J.C. Mutchler, an associate research historian at the UA Southwest Center, and Jackson Boelts, a School of Art professor, are collaborating on a project to examine ranches and ranchers along the U.S.-Mexico border. Their goal is to achieve a better understanding of the culture and rich history of the area.

"Many of the ranching families along the U.S.-Mexico border have been on their land for over a century, witnessing transformative cultural and political change in the region," Mutchler said. "Through oral histories, photography, visual art and public events funded by our Confluencenter grant, we will document and explore the multiple regional narratives of lived experience, which encapsulate one of the most controversial and divisive geo-political international boundaries in the world, enhancing our understanding of this complex region."

During the process of collecting and analyzing the historical records, Mutchler and Boelts will also compile documentation of the borderland communities.

"As an artist, my component of the UA Confluencenter for Creative Inquiry Grant will be to capture the essence of cowboys and cowgirls of the Arizona-Sonoran border with Mexico," Boelts said. "I plan to showcase these hardy yet historically romantic figures through an evanescent abstract exploration of large format watercolors. The art and photography of 'Border Cowboys' will be exhibited and included in a book that I will design."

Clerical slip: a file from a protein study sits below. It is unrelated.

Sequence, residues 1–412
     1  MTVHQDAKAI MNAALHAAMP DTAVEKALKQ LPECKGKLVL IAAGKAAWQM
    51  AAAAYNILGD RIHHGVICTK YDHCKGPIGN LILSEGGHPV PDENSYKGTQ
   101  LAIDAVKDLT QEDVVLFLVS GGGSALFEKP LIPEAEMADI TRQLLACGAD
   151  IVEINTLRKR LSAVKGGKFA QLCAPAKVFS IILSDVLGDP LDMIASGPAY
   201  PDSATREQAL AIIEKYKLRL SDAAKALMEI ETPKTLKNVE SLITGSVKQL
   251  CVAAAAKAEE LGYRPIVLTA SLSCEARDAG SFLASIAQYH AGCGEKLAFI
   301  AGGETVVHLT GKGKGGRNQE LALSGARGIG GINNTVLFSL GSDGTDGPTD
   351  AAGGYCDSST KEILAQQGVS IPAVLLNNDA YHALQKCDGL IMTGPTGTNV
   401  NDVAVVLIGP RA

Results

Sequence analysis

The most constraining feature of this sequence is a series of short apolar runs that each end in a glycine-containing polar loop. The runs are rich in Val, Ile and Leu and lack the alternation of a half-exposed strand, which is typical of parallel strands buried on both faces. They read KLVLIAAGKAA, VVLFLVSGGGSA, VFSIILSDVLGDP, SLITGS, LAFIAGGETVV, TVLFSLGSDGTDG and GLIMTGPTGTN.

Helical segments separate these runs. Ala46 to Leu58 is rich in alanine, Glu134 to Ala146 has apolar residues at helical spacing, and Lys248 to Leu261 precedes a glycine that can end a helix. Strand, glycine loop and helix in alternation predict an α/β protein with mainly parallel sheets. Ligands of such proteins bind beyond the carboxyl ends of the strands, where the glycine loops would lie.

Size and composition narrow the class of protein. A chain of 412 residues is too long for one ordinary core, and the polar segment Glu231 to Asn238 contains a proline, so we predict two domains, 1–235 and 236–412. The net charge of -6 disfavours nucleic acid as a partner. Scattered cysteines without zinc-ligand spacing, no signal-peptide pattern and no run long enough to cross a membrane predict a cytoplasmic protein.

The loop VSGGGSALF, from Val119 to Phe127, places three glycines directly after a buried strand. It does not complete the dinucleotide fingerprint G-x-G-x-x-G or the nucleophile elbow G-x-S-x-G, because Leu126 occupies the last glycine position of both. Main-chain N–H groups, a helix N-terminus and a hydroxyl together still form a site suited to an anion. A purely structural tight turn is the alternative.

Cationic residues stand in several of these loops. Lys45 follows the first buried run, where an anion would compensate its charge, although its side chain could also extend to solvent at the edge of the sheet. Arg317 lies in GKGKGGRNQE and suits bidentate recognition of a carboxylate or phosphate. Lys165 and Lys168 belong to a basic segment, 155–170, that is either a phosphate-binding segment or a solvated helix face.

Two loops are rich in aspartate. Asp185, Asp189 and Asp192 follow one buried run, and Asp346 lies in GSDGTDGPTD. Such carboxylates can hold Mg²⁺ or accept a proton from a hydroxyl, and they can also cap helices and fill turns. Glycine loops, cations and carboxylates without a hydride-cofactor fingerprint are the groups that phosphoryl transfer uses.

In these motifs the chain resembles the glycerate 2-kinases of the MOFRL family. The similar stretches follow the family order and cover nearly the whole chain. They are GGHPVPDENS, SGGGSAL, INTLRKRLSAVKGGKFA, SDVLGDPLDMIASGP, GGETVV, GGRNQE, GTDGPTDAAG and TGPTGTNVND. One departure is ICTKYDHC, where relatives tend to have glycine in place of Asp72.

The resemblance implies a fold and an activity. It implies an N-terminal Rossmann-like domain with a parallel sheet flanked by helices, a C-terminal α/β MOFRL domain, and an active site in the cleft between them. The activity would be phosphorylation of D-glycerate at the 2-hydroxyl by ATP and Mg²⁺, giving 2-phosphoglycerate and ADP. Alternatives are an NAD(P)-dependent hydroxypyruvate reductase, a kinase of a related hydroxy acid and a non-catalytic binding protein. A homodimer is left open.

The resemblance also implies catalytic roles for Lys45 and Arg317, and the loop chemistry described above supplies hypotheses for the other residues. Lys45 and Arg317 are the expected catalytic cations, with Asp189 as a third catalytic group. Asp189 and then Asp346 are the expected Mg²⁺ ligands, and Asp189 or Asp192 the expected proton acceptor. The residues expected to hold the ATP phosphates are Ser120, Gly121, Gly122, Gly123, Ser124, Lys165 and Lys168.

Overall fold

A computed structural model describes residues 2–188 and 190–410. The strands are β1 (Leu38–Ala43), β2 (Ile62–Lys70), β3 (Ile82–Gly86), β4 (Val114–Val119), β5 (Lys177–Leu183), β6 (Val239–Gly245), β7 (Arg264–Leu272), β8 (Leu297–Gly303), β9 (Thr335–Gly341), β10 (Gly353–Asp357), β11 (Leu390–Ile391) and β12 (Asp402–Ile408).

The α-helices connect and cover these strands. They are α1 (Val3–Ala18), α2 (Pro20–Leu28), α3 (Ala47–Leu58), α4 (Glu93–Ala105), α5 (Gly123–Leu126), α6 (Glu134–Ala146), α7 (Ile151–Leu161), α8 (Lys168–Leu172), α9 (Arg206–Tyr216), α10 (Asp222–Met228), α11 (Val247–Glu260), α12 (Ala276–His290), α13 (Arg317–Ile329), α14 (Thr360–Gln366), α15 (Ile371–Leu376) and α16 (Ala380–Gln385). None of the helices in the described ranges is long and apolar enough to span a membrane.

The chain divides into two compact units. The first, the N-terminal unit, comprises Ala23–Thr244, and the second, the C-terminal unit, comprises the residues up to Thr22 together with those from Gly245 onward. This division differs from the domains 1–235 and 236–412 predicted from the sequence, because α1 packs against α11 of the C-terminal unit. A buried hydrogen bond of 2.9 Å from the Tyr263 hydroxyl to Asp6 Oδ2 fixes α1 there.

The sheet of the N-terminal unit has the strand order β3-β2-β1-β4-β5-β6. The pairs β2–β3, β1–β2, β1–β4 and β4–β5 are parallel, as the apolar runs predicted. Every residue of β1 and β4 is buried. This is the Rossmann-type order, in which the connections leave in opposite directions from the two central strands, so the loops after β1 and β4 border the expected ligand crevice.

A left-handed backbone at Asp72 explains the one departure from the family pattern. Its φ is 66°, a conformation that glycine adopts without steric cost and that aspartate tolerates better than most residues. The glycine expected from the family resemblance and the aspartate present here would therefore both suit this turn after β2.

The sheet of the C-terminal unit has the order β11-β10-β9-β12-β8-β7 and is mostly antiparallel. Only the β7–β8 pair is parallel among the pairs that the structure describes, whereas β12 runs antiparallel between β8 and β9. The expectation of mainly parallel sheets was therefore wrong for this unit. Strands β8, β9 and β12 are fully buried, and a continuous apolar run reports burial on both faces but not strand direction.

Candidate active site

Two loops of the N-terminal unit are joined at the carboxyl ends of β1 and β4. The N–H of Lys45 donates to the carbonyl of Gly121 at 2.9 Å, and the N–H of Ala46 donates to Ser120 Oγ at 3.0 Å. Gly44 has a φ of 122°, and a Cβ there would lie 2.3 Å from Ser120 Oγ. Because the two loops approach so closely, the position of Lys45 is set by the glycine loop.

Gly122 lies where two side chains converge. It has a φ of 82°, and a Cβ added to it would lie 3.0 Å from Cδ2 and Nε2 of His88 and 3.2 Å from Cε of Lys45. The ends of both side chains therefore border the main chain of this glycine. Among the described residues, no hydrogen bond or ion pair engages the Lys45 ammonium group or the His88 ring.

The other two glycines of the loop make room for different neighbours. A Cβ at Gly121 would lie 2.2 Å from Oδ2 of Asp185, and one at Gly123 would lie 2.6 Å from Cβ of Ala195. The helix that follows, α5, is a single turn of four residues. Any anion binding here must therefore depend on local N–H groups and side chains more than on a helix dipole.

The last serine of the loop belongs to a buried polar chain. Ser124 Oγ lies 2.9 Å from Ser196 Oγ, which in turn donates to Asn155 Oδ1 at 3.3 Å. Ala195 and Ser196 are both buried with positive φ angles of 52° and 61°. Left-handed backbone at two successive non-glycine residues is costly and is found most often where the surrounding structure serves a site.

"Space and Place: Perceiving Depth in Contemporary Landscape Art"

Thomas Bever, Regents' Professor of Linguistics, Psychology and Neuroscience, is partnering with Martina Shenal, associate professor in the School of Art, and Kevin Lehrer, Regents' Professor Emeritus of Philosophy, to examine how depth is perceived in art.

Their research collaboration will also explore how behavior and neurological processes differ as part of the artistic experience, and how the aesthetic experience integrates art and science.

"Barrio Stories Project"

Lydia Otero, professor of Mexican American Studies, and Elaine Romero, assistant professor in the School of Theatre, Film & Television, are collecting stories from residents who lived in the Barrio Libre neighborhood, which was demolished in the late 1960s as part of the Tucson Convention Center's construction.

Working in collaboration with Borderlands Theater, they will theatricalize the stories they collect to produce them as a play. The idea for the project was inspired by a book Otero authored, "La Calle."